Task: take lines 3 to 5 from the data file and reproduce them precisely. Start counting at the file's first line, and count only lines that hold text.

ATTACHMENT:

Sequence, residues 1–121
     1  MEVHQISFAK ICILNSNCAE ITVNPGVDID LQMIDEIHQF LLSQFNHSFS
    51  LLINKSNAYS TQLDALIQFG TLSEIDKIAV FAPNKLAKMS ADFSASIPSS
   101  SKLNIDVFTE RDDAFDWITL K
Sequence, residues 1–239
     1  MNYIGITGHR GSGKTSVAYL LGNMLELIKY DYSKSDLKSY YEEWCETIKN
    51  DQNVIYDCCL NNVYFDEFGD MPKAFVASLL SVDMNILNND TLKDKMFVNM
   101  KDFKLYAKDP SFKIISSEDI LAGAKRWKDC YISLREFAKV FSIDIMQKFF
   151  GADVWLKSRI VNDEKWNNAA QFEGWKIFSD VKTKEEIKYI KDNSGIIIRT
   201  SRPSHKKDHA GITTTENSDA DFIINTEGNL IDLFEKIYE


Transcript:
    51  LLINKSNAYS TQLDALIQFG TLSEIDKIAV FAPNKLAKMS ADFSASIPSS
   101  SKLNIDVFTE RDDAFDWITL K
Sequence, residues 1–239